Evidence collected by independent agencies operating in Burma has now shown that more than 260,000 people have been severely affected and are in urgent need of emergency aid.
Many have lost their homes and means of earning a living in this ‘hidden’ disaster in the Western district of Rakhine State. Many have also lost their access to clean water and sanitation.
In response the UK Government will provide immediate humanitarian assistance to trusted and independent humanitarian agencies operating in Burma. No British aid will be given to the Government of Burma.
This will provide the following:
- Food: Supply enough food for at least 28,000 people for the next three months through funding to the World Food Programme. With crops and food stocks destroyed, many people face extreme hunger.
- Clean water and health: supply clean water, sanitation and healthcare equipment and services for about 80,000 people, including emergency health consultations with qualified medical professionals, long lasting anti-malarial bednets and emergency sanitation kits. This will be organised by our international partners who are already operating in the area with trusted local agencies, through grants worth up to £2.25 million.
Secretary of State for International Development Andrew Mitchell said:
“This disaster was in danger of being forgotten, ignored and unseen by the international community.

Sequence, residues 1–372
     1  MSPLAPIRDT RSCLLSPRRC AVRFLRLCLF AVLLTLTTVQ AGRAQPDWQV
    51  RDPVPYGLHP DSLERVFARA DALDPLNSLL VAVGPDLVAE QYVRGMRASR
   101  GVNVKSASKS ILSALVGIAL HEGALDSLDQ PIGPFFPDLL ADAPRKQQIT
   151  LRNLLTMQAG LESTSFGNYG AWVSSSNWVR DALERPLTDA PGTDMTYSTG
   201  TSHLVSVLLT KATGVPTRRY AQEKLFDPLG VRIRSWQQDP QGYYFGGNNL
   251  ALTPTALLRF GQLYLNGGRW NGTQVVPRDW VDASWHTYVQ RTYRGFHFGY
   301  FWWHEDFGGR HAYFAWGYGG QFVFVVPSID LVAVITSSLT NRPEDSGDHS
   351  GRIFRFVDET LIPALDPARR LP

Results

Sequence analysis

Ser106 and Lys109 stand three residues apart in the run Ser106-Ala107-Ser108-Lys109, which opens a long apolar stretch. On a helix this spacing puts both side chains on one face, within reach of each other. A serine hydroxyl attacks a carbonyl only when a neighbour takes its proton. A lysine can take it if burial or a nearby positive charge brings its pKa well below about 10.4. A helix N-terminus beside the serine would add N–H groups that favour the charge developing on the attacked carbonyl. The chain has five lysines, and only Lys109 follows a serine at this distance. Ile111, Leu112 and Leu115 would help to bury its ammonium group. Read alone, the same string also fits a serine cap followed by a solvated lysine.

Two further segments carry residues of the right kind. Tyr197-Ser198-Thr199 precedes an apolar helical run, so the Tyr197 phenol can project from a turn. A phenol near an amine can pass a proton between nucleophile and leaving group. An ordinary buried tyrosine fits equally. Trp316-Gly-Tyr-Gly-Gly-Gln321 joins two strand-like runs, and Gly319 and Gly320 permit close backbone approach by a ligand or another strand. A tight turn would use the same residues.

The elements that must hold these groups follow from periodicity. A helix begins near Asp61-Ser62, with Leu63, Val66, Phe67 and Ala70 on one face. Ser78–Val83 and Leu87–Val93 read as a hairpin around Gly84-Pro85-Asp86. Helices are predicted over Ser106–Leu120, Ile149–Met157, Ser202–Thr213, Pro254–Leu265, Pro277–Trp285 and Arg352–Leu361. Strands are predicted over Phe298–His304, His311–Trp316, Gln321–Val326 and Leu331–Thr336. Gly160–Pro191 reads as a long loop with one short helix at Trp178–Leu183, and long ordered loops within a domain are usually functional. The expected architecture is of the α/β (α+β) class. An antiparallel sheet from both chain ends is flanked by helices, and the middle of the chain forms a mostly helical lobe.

“Thousands of families have lost their homes, crops have been flooded, houses destroyed and villages wiped out. Many families are completely dependent on aid for their survival.
“Without urgent help now, the situation will continue to deteriorate, as a lack of food and disease spreads amongst the survivors.
“British aid will give much needed food, clean water and healthcare to the survivors. We call on other donor countries to join in this relief operation.”
More than 100,000 people have lost their homes and many more have lost their crops, livestock and access to clean water and sanitation. Vital sources of food have been destroyed, including 700 fishing boats, 17,500 acres of agricultural land and 43,000 acres of shrimp farms. Agencies report that more than 200,000 people will need emergency food aid for at least the next three months.
Almost nine out of ten villages in affected townships have no water resource or are relying on untreated water sources, putting them at severe risk of disease. With the dry season just beginning, these are likely to quickly dry up.
The Cyclone is reported to have washed away local medical facilities causing the local health care system to collapse.
The UK will continue to monitor the situation through DFID’s office in Burma and our international partners on the ground as the situation develops.
See more: DFID website
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